Ultimate spoiler there.

Back to Askham, where the Railway was now open, just before my assumed revised opening time of 5pm.


I guess you’d describe this as a traditional all-rounder, the sort of place you find in East Yorkshire village where the guvnor wears a tie and still looks slightly askance at a group of ladies with a bottle of plonk in a bucket. Black Eye Friday is still several decades away.

I like the old-school decorations.

Actually faster than the Barrow-Foxfield train.
Proper shoes

Three beers (is plenty), including another Loweswater Gold that was decent but a bit too cool (NBSS 3).

More to the point, what’s that in the corner ?

Spot the pies

Yes, an authentic heated pie cabinet. You could have been in Wigan, except that you could understand what folk were saying here.

You can identify the beers there
Art shot

I only had 9 minutes till the 5.09 trundled back to Barrow, and I was left with a dilemma.


My second Barrow tick was a good 20 minutes away in a deluge, so should I get soaked or should I see the carnage in the Spoons ?

Well, that was an easy choice.

I was squashed against the glass collection point for 20 minutes before getting a quite glorious pint of Maxim which was cool, rich and complex (NBSS 4).

Even with a dreadful name, and despite everyone else being on shots.

What I felt like by now

Not much talk about the backstop here.

“I’ve had eight sambucas”

“It’s ok, Barrow is an island”

The sambuca gang followed me back to the Sun in Ulverston.

Nice hat

I’d just enough energy to confirm my tick with a half of something watery, before falling asleep at 7pm.

Never heard of any of them

At 11pm, I woke and got the traditional takeaway.

At 2.30am, I was serenaded by the Ulvy youth singing “Don’t Look Back In Anger” and “Let It Go” in the street outside my Β£35 room. Oh to be young.



  1. “It’s 2.41am and there’s a dozen blokes singing ……..” – undoubtedly intent on having you awake at bastard quarter to three, and succeeding !

    Liked by 2 people

  2. “Black Eye Friday is still several decades away.”

    And proper opening times as well it would seem.

    “Actually faster than the Barrow-Foxfield train.”

    (slow golf clap)

    “You can identify the beers there”

    Not without jam jars. πŸ™‚

    “Art shot”

    I hope it was just a flesh wound.

    “Well, that was an easy choice.”

    Hopefully when Si gets around to going there it will be Black Eyed Friday once more and he can try to top his irritated babe photo. πŸ™‚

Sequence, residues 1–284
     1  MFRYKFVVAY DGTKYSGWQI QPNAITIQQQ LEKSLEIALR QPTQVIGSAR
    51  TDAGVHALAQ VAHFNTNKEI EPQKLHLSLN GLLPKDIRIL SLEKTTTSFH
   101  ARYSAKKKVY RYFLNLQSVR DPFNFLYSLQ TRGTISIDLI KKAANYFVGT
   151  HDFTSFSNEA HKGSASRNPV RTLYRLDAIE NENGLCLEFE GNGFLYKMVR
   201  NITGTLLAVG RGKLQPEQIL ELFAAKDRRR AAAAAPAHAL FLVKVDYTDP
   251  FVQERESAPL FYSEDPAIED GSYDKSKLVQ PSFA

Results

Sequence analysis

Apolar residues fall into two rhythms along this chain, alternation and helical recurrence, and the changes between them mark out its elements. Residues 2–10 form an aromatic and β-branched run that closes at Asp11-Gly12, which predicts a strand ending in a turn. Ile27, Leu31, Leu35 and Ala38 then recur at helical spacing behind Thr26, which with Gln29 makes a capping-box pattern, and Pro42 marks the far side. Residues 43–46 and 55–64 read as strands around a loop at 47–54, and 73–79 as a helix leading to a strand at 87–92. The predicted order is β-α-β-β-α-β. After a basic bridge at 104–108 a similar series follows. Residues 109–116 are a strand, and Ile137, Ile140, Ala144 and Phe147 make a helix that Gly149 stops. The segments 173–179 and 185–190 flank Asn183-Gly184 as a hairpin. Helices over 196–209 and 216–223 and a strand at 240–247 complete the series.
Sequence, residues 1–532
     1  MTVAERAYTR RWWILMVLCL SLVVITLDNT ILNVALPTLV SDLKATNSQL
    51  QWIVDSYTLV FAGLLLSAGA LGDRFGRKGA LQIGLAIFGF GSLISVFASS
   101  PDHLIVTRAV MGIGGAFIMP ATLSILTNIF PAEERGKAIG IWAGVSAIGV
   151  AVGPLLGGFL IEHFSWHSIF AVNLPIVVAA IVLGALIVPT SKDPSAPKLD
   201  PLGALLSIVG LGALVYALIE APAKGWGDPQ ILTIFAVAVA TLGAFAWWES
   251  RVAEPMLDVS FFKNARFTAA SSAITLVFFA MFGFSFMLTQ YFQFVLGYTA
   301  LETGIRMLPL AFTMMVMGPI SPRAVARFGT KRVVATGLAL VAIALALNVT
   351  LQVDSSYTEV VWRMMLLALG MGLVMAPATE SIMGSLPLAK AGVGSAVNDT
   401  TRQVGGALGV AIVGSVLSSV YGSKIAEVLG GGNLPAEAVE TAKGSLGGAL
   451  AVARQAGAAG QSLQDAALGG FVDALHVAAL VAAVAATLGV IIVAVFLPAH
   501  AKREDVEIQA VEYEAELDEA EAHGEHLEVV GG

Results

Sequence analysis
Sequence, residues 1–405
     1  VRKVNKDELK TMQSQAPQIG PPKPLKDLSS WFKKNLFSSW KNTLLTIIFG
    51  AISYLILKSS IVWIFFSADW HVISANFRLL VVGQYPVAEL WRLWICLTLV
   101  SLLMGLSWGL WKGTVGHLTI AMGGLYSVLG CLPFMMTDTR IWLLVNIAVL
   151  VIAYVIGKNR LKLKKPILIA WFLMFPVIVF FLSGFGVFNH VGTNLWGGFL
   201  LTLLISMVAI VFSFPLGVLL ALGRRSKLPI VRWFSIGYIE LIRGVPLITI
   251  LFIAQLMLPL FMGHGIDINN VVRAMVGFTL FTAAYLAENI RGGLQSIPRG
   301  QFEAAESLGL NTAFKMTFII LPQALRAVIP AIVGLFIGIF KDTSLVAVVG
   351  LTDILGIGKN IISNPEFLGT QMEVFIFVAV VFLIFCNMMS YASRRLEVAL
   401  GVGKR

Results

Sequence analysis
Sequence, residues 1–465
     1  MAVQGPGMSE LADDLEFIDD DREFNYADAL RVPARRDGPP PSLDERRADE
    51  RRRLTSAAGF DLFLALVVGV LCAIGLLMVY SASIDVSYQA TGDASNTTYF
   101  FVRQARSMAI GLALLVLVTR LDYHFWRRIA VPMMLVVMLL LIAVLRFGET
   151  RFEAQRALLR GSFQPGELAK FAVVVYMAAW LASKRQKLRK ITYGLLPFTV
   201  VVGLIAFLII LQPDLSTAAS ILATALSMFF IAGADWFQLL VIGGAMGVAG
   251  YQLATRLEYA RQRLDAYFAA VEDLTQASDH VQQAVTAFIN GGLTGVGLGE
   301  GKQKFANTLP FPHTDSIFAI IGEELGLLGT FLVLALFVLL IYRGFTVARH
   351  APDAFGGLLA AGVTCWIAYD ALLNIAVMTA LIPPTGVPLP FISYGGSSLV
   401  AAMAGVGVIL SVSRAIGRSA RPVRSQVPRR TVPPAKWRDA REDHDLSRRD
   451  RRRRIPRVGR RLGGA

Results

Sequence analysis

“What I felt like by now”

    Not that’s more of an art shot. πŸ˜‰

    “The sambuca gang followed me back to the Sun in Ulverston.”

    Uh oh.

    “I was serenaded by the Ulvy youth singing β€œDon’t Look Back In Anger” ”

    Very prophetic that. By the time you were writing this what they sang turned out to be true. πŸ™‚


    Liked by 1 person

  3. I confess I didn’t know the term “Black Eye Friday” until now, so thanks to you a quick Google search has sorted me out. In a funny way I think it speaks to a cultural difference between the UK and the US in terms of this “big office party at a bar” tradition right before Christmas.

    The office Christmas party is an old tradition over here, of course (though I wonder if it was a more prominent thing in earlier decades– has a kind of 1950s, 1960s feel to me); but I don’t think any American would refer to the last Friday before Christmas specifically as a night that’s going to keep the police and hospitals busy. Over here I think the “night of hard partying” tradition is mostly limited to New Year’s Eve– for this time of year anyway.

    Liked by 1 person

    1. I actually thought America invented Black Eye Friday, like everything else. But then I realised it was Black Friday (that’s true). https://retiredmartin.com/2017/12/15/twas-the-night-before-black-eye-friday/

      I’d never heard of it before Barnsley last year, and it’s not something I ever noticed NHS staff in Cambridge embracing !

      In our village you still get folk drunk from mid-afternoon onwards, though how many of them end up in midnight mass I couldn’t say.

      Liked by 1 person

      1. I think in many towns most people leave work at lunchtime on the Friday or last working day before Christmas and the pubs are near enough full from 1pm until early evening by which time everyone’s pissed enough to go home – then it’s likely to be others out for the evening until the early hours.


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